By Scott Taylor
In life, taxes are inevitable but there are times when they don’t need to be a high priority.
This is not one of those times.
February is a busy month. You’ve heard the thud of tax packages hitting the counters at Canada Post outlets and Service Canada offices. Tax software companies are all shouting about how simple it is to file a return. And with the RRSP contribution deadline on Feb. 29 this year, you’ll gladly take the extra day to try to come up with the money.
Let’s slow down and make a to-do list for the month. Before we begin, make sure your internet connection is up and running. You’re going to need it.
Organize Your Paperwork
Most accountants (or whoever prepares your taxes) will send you a checklist of what he or she needs to file your return. Take a few moments to read it and ensure that you’re gathering all of the necessary tax slips and information.
I hesitate to call this “paperwork” because in today’s world not everything is mailed to you anymore. You have to go “online” and get certain items. Printing these documents and slips is great but also start keeping folders on your computer for each year to save these files to.
Since you are now responsible for going to get some tax slips, that means you have to be proactive at this time of year. You simply cannot just wait for everything to show up in the mail, throw it on your desk, and in early March throw it at your accountant.
Credits and Benefits
Changes in your life can make you eligible for benefits you never considered before.
For example, if your kid went to college or university, you can transfer up to $5,000 of your child’s tuition and education amount to your return as a deduction. The school will issue a tax slip showing the tuition paid for the year and number of months attended to calculate the education amount.
Problem is, no school I know of actually mails these out. Students must go into their student portal and download it. Second problem is, your kid isn’t going to think about this so you’ll likely have to chase after him to do so.
Students can also claim moving expenses if they moved away from home to go to school. If they live in Ontario they can also claim the rent that they paid. You may have paid it, but they claim it.
Did your child get a new job or go into apprenticeship? I can’t tell you how often our clients’ kids who are working and apprenticing forget to get their EI slip for when they were in school and collecting. Service Canada no longer mails T4E slips to recipients of unemployment insurance benefits. You must go online and download this tax slip.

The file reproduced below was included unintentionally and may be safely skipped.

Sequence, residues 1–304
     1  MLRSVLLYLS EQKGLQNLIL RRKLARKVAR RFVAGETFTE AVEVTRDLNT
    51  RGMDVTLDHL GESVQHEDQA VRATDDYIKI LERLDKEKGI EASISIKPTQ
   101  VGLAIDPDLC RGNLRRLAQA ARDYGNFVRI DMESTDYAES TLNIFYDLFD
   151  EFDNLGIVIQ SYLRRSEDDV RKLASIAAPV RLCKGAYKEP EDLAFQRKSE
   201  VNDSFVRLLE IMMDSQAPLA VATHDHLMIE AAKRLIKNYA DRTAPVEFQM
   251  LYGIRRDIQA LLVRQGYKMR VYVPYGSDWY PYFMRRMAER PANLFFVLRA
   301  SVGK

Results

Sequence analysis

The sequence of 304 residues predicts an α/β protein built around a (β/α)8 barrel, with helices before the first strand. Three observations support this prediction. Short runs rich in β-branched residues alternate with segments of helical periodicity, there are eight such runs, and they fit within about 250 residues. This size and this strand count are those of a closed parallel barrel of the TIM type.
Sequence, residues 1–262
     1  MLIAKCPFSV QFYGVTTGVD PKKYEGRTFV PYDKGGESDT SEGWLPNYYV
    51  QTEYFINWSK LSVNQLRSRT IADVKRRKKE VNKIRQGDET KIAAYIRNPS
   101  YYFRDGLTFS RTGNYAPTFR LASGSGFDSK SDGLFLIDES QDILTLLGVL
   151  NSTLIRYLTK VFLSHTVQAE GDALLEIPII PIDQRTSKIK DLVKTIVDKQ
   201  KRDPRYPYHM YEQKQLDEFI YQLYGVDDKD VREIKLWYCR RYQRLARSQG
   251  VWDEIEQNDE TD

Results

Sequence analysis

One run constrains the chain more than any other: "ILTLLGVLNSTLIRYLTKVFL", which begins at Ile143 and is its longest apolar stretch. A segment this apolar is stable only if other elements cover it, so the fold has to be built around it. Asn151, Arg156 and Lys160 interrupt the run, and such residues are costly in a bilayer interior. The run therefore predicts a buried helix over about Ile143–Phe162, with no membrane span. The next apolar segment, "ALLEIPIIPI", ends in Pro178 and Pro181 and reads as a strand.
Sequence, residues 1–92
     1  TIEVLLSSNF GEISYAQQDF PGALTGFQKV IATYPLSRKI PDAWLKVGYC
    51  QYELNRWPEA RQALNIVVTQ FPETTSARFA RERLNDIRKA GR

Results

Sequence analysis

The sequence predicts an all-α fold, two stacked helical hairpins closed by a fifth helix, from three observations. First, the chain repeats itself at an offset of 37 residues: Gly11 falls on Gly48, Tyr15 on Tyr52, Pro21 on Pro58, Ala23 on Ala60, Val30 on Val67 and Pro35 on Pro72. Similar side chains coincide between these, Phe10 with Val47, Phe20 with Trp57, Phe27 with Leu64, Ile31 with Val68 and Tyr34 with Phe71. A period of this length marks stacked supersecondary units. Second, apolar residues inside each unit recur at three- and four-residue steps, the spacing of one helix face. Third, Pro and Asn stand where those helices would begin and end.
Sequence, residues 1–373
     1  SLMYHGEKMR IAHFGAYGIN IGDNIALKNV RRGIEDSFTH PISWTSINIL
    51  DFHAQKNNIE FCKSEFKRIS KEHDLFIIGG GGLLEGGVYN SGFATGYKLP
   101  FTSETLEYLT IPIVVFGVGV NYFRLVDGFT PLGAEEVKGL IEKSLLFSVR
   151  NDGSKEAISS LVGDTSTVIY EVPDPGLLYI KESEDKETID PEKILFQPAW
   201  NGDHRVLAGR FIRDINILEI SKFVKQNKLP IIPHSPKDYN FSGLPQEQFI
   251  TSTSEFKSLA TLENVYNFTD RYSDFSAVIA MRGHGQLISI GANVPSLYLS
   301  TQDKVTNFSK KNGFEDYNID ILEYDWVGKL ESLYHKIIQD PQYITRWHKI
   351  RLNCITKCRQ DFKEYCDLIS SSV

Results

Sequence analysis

Speaking of apprenticeship, Service Canada has a wonderful program called the Apprentice Incentive Program. This program will pay $1,000 per year, up to a maximum of $2,000 per person, to registered apprentices once they have successfully finished their first or second year in certain trades.
So the first piece of advice here is if you have a family member apprenticing make sure they apply for this. The second piece of advice is that this grant is taxable and has to be shown on their tax return.
The third is to make sure you keep your accountant up to date on the family news, and to have your spouse and kids’ tax returns prepared at the same place.
I’ve never understood why couples have different service providers preparing their returns. Unless your spouse is in a specialized business like you are in trucking, having your all of your family’s returns done by the same person will help ensure all income and deductions are used to the maximum benefit.
Consider charitable donations. It doesn’t matter whether your name or your spouse’s name is on the slip; it is generally best to group all your donations together and claim them on one tax return. This is especially true if the total is more than $200 as you will get a larger tax credit deduction.
Taxes never really go away but February is not the month to bury your head in sand. Be proactive: gather up your slips, work with a trusted tax pro, and set up your desk within range of a good wifi connection.
Scott Taylor is vice-president of TFS Group, a Waterloo, Ont., company that provides accounting, fuel tax reporting, and other business services for truck fleets and owner-operators. For information, visit www.tfsgroup.com or call 1-800-461-5970.